This time of transition is the perfect time to get back to the basics and focus on your own professional development and opportunities for growth, for you and for those you serve, as you face new challenges. The National Deaf Center for Postsecondary Outcomes (NDC) offers NDC | learn, a complete library of online resources and classes — all on your timeline, at no cost.
As colleges, universities, and training programs get ready for the fall semester, it’s time to check in with deaf students about their accommodations.
How do you make sure your online events are fully accessible to deaf people? NDC Technical Assistance Specialists Lore Kinast and Stephanie Zito offer four main areas to consider when providing accessible online training and meetings for deaf participants.
Meet Arlene Ngalle, NDC's program specialist. Arlene keeps NDC running behind the scenes, and is the driver behind the success of our live events. This is her story of being a Deaf student and a mother to a Deaf teenager.
Accommodations are not one-size-fits-all, and are as varied as deaf people themselves. But that doesn’t mean that finding the right combination of accommodations needs to be difficult or confusing.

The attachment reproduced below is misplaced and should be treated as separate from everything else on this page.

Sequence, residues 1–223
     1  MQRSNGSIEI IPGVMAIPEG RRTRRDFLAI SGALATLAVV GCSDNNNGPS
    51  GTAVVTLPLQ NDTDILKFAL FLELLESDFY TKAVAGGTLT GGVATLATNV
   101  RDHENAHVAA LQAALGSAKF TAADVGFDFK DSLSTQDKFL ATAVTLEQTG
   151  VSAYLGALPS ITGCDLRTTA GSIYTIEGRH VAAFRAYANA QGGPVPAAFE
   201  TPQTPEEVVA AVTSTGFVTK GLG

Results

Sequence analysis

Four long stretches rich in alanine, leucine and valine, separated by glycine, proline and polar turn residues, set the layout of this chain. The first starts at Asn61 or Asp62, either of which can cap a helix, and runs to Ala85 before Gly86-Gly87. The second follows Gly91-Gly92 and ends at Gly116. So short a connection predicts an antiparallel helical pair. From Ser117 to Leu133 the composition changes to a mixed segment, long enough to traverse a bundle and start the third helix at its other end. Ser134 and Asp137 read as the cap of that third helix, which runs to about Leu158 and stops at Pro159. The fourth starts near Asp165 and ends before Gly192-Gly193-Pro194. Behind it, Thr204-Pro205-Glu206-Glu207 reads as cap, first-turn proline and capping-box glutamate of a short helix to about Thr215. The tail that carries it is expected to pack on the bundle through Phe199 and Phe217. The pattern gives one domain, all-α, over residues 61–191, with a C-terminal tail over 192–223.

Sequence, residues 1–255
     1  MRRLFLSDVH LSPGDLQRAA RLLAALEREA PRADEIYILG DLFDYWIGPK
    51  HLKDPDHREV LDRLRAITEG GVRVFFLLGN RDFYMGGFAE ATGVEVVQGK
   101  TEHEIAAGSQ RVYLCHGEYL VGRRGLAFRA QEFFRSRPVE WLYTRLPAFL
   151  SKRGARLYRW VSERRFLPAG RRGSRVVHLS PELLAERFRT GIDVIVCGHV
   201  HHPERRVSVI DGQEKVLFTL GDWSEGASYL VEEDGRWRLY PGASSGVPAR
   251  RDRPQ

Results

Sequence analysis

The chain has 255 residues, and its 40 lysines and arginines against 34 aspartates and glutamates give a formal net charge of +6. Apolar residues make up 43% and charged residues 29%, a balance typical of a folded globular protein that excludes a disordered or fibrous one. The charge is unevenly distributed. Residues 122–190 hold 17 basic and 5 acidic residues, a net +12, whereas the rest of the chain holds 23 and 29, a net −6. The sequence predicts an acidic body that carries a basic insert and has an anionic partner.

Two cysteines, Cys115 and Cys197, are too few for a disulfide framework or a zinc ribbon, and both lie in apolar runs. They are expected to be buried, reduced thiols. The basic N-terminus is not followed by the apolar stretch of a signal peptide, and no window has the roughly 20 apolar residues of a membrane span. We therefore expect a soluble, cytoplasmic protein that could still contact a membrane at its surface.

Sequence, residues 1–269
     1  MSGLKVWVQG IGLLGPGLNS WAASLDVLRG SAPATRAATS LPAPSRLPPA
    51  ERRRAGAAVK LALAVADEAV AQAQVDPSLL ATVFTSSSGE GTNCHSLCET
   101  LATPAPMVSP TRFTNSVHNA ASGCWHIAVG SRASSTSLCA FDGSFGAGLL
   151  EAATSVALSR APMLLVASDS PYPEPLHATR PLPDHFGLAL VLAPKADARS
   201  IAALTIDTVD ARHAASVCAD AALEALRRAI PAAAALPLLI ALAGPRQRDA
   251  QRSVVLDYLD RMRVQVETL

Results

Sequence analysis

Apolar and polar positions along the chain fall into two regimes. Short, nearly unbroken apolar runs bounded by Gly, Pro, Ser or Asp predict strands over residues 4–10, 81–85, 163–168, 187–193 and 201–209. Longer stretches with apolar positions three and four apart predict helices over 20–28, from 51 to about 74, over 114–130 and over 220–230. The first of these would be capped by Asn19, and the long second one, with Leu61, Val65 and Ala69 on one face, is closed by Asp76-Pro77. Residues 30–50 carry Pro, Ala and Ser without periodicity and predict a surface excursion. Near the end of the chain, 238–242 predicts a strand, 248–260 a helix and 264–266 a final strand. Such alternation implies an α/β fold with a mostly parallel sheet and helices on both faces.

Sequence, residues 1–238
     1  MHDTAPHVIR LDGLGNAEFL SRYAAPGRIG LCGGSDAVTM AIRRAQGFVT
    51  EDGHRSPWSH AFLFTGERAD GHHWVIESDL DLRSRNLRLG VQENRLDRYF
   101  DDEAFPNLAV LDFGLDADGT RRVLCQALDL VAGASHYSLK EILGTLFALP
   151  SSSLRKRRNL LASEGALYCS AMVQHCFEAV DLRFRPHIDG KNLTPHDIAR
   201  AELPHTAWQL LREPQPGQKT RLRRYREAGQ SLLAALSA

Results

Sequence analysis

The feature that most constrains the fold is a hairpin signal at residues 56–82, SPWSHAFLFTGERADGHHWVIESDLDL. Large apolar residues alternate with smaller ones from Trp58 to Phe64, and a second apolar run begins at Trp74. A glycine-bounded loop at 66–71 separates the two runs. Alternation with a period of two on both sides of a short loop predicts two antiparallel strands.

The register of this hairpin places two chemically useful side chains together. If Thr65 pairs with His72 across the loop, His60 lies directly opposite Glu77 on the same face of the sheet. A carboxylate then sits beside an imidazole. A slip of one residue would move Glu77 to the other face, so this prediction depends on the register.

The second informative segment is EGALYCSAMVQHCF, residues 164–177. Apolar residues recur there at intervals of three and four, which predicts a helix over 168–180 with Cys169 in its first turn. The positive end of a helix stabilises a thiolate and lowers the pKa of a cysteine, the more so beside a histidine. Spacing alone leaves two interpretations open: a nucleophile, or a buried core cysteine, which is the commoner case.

One of the main ways to build this self-determination and confidence is through defining goals for continuing their education, getting a job, and living their life to the fullest. But to define these goals, students must first look inward to understand their strengths, interests, and needs.
Using the Choose Your Future! Activity Kit, students can work with their families, teachers, or vocational rehabilitation counselors to decide on goals that align with who they truly are. The activity kit teaches deaf youth how to decide, act, and believe.
Building relationships within your community takes time and intentional efforts. That’s why dialogue is key to building #DeafSuccess and a strong and inclusive community that serves all its members.
The National Deaf Center on Postsecondary Outcomes (NDC) has been facilitating community conversations, which included state leaders across the country, to help grassroots and local leaders strengthen community connections and build systemic change through dialogue.
Avoid the summer slide by encouraging deaf students to build skills, confidence, and independence and prepare for future careers through work-based learning experiences.
These experiences involve hands-on learning and immersion in real-life work settings while developing work-related technical skills (e.g. communication, critical thinking, leadership, teamwork and problem-solving) and gaining insight into the labor market.
Deaf students across the country are constantly being underestimated, and working against stereotypes that lower their expectations. In fact, low expectations is one of the root causes for the achievement gap between deaf and hearing people.
In State Spotlight: South Carolina, learn more about how the state combats those expectations by connecting deaf students with positive role models.